Thursday 30 December 2010

Eraserhead movie review

Eraserhead - 1976
Director - David Lynch

1) Eraserhead poster

Plot summary / review:

"No plot summary can do justice to the unsettling experience of watching Eraserhead for the first time. Confounding, hysterical and almost unendurably tense, it leaves viewers as disoriented as Henry himself." (Bitel, 2008). Aptly put by Anton Bitel, Eraserhead is one of those films the audience must endure, with its disturbing visuals and haunting soundtrack, it will have a lasting psychological and physical affect on the viewer.

The plot is relatively simple in broad terms. Henry Spencer (John Nance) works as a printer in an undisclosed time, but seemingly post apocalyptic, industrialised world. Surrounded by bland buildings, heavy machinery and smoke spewing chimneys, Henry returns home to his cell like apartment.

2) Henry Spencer.

After checking his empty mail box, Henry is greeted by his mysterious but beautiful neighbour (Judith Roberts), who informs him that Henry's girlfriend, Mary X (Charlotte Stewart) left him an invitation to have dinner at her parents house that night. Henry attends and events get even more peculiar, not only because of the artificial salad and moving chicken carcass' served for dinner, but sexual tension between Henry and Mary's mother and her strange family.

3) Family dinner.

It is revealed that Henry and Mary had pre-marital sex and she has in turn given birth to a mutated baby. Henry is forced to marry Mary and move her and the baby into his one bedroom apartment. The agonising cry of the deformed baby takes it's toll on them both. Henry becomes more distant and falls deeper into his dreams and Mary eventually walks out on him and the child.

4) Baby

Henry becomes more erratic, falling deeper into his dreams and subconscious. After consorting with his beautiful neighbour, his dreams become more powerful, imagining a lady in the radiator singing on a stage, his head falling off replaced by the deformed baby's and the most iconic eraser pencils made from his decapitated head.

5) Lady in the radiator

The film comes to a gruesome end with Henry stabbing the baby after apparently cackling at him when he sees his neighbour seducing another man. The baby's insides spew and guzzle over electrical wires causing a blackout. Returning to the start of the film, a man on a rocky planet pulling levers is electrocuted and Henry is seen embracing the Lady in the radiator.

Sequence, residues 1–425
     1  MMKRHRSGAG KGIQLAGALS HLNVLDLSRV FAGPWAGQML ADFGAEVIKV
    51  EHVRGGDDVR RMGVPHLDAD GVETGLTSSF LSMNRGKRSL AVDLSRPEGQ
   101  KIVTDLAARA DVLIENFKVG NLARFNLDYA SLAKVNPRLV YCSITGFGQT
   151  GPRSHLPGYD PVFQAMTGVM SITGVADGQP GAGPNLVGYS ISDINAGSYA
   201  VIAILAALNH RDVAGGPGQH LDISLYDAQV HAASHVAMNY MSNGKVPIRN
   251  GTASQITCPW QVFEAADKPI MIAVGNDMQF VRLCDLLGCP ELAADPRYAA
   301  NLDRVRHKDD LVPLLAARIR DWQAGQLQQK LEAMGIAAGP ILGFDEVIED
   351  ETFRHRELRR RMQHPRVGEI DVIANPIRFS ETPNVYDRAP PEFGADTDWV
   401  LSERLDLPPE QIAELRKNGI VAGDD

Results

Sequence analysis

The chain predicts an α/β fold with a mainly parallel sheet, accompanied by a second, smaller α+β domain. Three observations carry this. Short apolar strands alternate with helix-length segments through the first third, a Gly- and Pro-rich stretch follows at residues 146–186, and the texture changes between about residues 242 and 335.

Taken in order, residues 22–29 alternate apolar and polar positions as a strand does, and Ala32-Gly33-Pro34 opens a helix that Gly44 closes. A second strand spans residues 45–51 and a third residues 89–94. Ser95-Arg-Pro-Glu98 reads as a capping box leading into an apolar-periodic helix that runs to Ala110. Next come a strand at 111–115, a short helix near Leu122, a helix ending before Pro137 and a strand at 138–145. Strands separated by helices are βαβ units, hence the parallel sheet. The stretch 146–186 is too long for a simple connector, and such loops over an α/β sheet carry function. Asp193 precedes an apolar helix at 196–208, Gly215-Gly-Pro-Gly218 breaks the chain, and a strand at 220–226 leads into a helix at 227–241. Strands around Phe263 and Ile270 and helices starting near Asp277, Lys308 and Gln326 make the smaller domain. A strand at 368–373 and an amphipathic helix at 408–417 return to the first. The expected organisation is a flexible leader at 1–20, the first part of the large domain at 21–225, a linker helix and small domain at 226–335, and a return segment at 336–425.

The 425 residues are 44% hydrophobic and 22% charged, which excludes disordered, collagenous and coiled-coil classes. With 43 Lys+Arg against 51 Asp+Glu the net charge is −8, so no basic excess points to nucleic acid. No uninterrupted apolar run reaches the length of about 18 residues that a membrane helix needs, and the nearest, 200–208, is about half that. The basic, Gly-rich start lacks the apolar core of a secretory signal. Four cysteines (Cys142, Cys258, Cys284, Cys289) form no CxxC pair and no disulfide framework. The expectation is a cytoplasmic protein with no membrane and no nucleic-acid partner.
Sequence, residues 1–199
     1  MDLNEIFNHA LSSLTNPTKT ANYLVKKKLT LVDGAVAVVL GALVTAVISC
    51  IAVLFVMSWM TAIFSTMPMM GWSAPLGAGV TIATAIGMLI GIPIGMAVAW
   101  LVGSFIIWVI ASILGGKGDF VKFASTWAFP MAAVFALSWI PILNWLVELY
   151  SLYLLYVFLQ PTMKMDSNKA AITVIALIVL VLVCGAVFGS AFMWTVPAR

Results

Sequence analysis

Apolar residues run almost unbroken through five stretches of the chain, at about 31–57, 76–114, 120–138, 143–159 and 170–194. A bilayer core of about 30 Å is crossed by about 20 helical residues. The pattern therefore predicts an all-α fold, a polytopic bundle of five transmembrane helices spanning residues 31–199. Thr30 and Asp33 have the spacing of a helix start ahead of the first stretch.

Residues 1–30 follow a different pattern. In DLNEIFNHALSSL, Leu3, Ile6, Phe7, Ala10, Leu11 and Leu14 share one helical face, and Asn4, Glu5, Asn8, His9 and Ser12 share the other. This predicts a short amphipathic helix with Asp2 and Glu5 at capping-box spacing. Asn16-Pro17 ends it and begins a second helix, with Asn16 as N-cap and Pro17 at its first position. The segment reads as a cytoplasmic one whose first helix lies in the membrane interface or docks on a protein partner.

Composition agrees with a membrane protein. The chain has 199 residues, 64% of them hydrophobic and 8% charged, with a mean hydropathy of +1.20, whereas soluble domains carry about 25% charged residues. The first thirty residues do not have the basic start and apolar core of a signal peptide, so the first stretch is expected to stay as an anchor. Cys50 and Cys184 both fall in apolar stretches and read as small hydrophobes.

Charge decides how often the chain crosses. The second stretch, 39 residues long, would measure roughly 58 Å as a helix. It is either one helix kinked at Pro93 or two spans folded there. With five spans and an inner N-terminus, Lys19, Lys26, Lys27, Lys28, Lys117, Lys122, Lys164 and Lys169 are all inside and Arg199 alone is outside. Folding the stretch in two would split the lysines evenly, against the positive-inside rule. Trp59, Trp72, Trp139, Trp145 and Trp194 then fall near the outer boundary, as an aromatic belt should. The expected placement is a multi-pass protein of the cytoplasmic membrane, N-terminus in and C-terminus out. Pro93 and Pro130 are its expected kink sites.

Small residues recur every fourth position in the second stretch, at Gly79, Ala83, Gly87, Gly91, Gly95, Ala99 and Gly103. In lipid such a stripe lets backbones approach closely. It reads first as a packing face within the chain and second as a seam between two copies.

6) Man in the planet.

Lynch has created a cult classic full of symbolism and metaphors, in fact it is so jam packed it is down right strange and confusing. The whole film feels like an experiment, a way for Lynch to explore his own anxieties through his first full length feature. Weather he intended it to be or not, it opens up the film to multiple interpretations on the fear of commitment, relationships, fatherhood, adultery, sexual intercourse..... the list goes on. "There is certainly a strong sexual undercurrent combined with the trappings of commitment in relationships. But while there are some stark and shocking moments, they're floating in an undisciplined exercise in experimentation." (Haflidason, 2001).

Lynch reportedly spent six years making this movie proving it to be a real labour of love. As strange and as hard as it is to follow, he succeeded in creating memorable, often shocking images and sounds which stay with you after the credits have rolled, for all the wrong reasons. It is a triumph in the exploration of the subconscious and inner mind, delivered in a Salvador Dali'esque inspired vision. "‘Eraserhead’ is a singular work of the imagination, a harrowing, heartbreaking plunge into the darkest recesses of the soul." (Andrew, 2006).


Andrew, Geoff. Timeout movie review 26th January 2006 - accessed 30/12/10

Bitel, Anton. Film4 movie review 3rd September 2008 - accessed 30/12/10

Haflidason, Almar. BBC movie review 17 April 2001 - accessed 30/12/10


1) Eraserhead poster - accessed 30/12/10

2) Henry - accessed 30/12/10

3) Family dinner - accessed 30/12/10

4) Baby - accessed 30/12/10

5) Lady in the radiator - accessed 30/12/10

6) Man in the planet - accessed 30/12/10

1 comment:

  1. great review, Paul - it's obviously not a film to be enjoyed (endured!), but in this time of Transformers 2 and other instantly forgettable fodder, Lynch's movie is, in a strange way, rather exhilarating! Still, it's The Shining next time around - Here's Jonny! :D